Some people argue that Hell is this place of endless death and hostility. The first is endless because God is endless. But death is absolutely not endless, and hostility is not endless. God’s wrath comes to an end. Scripture says it over and over.
Jesus kills hostility.
He is God’s wrath upon wrath.
He does violence to violence.
Jesus is the death of death.
And the death of death is life.
So what’s hostility on hostility? Wouldn’t that be grace? Grace is eternal fire that never ends. And there is no greater violence upon evil than grace. And nothing offends evil people as much as grace. But in the end, grace destroys evil and liberates people from evil. Jesus kills the hostility. He is the End. So, on His cross, He cried, “It is finished.” And the walls came tumbling down.
Do you remember what the commander of God’s army said to Joshua on the plains of Jericho when Joshua asked, “Are you for us or for our enemies?” The God-man said, “No.” And yet He was dressed for battle. What was He fighting? The walls. Israel didn’t tear down the walls. They worshipped Yahweh, and the walls came tumbling down. On one side was Israel; on the other side was Rahab—the harlot, Jesus’ great-great-grandmother. The God-man’s Father was on one side of the wall, and His mother was on the other.
I know the Old Testament is violent. But read it carefully and you’ll discover it is wrath upon wrath, hostility upon hostility; it is violence upon violence—in the service of love.
In a garden, we made a covenant with death, and the rest of Scripture is the story of the death of death, that is, the story of life and the story of grace—the story of Jesus, Prince of Peace.
Do you remember why they crucified the Prince of Peace? It was because He preached peace to the other side of the wall because He quoted Isaiah saying, “A house of prayer for all the ethnos.” It was because He prophesied, “These walls will come tumbling down.” It was because He refused to lead a nation of ethnic Jews in a violent revolt against the Gentiles (the empire of Rome). It was because He refused to be a racist. He was hostile to that hostility, and that hostility crucified Him . . . But then the walls came tumbling down.
In reality and eternity, there are no dividing walls of hostility. But in space and time, we’re still watching them come tumbling down. In other words, we’re watching the kingdom come; we’re watching the New Jerusalem coming down.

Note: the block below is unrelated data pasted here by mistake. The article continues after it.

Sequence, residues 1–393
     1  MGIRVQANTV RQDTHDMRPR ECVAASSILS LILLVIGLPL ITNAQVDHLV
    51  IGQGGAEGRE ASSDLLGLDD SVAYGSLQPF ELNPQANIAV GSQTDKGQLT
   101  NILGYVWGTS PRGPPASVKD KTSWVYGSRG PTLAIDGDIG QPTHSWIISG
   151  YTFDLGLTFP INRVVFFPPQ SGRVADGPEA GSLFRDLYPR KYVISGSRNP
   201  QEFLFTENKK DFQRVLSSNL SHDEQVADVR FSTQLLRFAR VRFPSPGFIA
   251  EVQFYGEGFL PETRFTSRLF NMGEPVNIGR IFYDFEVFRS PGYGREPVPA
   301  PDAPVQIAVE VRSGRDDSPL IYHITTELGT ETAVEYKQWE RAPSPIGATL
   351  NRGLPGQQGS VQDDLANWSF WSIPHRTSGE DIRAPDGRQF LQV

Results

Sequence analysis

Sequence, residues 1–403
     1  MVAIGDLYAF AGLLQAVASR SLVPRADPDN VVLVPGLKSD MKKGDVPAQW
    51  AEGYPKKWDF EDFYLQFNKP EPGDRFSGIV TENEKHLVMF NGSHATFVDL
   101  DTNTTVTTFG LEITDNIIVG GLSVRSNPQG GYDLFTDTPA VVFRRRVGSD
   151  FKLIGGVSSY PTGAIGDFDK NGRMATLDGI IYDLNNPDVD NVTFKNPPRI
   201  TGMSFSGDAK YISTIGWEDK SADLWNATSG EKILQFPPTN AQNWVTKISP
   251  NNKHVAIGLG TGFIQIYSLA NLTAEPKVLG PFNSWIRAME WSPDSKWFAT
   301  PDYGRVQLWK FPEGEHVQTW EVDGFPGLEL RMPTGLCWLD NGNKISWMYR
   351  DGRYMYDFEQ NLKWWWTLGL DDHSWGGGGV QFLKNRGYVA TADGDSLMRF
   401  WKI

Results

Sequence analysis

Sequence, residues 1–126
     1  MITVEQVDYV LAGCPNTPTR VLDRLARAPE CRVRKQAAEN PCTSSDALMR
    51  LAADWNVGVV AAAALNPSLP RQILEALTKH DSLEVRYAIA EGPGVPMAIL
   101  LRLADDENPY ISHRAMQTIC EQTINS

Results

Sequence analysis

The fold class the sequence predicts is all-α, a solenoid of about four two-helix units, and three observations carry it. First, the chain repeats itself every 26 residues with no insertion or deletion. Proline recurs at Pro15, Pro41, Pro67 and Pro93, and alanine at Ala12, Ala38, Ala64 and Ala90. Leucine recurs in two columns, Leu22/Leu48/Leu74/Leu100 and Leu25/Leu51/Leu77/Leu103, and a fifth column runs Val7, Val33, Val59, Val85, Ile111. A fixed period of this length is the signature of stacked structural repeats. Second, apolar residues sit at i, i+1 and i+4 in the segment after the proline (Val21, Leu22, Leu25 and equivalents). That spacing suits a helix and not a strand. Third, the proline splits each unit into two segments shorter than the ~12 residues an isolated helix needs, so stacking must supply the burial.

The Church is that group of people who already believe Christ has united them in one body under one head. But in Ephesians 1:10, Paul told us that the plan for the fullness of time was to not only unite us but ALL things in Christ Jesus. And you see, if in the eternal realm all things really are united in Christ Jesus, then ultimately in the final analysis—the final judgment—there really are no dividing walls of hostility. And I think they call that realm, that kingdom, Heaven.
And yet here in space and time, in an effort to maintain control, we erect dividing walls of hostility . . . in fear. We think those walls protect us, but maybe those walls enslave us. We think we’re building Heaven on earth, and we’re only enslaving ourselves in Hell.
Maybe there’s a Holocaust far worse than any in Germany or Israel, and maybe people like us commit it, and we are its victims. “For the measure you give is the measure you get.” So if we give walls, we get walls. And if we give Hell, we get Hell.
Now, you might be thinking, “That’s nice theology, but just try going to the Middle East and living without dividing walls of hostility. For that matter, just walk down to the bad part of town or meet my in-laws! If you live without dividing walls of hostility, you’ll get the crap kicked out of you! You’ll get yourself crucified!” . . . Exactly.
Maybe that’s why Jesus said, “If you want to be my disciple, pick up a cross.”
It’s like the cross is a doorway to Heaven, and “the only place safe from the danger of love is Hell” (C. S. Lewis).
You know, I think Jesus was the first man (Adam) to walk through this world without dividing walls of hostility. And that’s why this world was so hostile toward Him . . .
And yet that’s how He broke down the dividing wall and killed the hostility . . .
This devotional was prepared by Kimberly Weynen, Peter Hiett’s assistant. It is a compilation of devotional thoughts from Kimberly and excerpts from Peter’s sermon entitled “Walls.” You can read, watch or listen to the full sermon here: Walls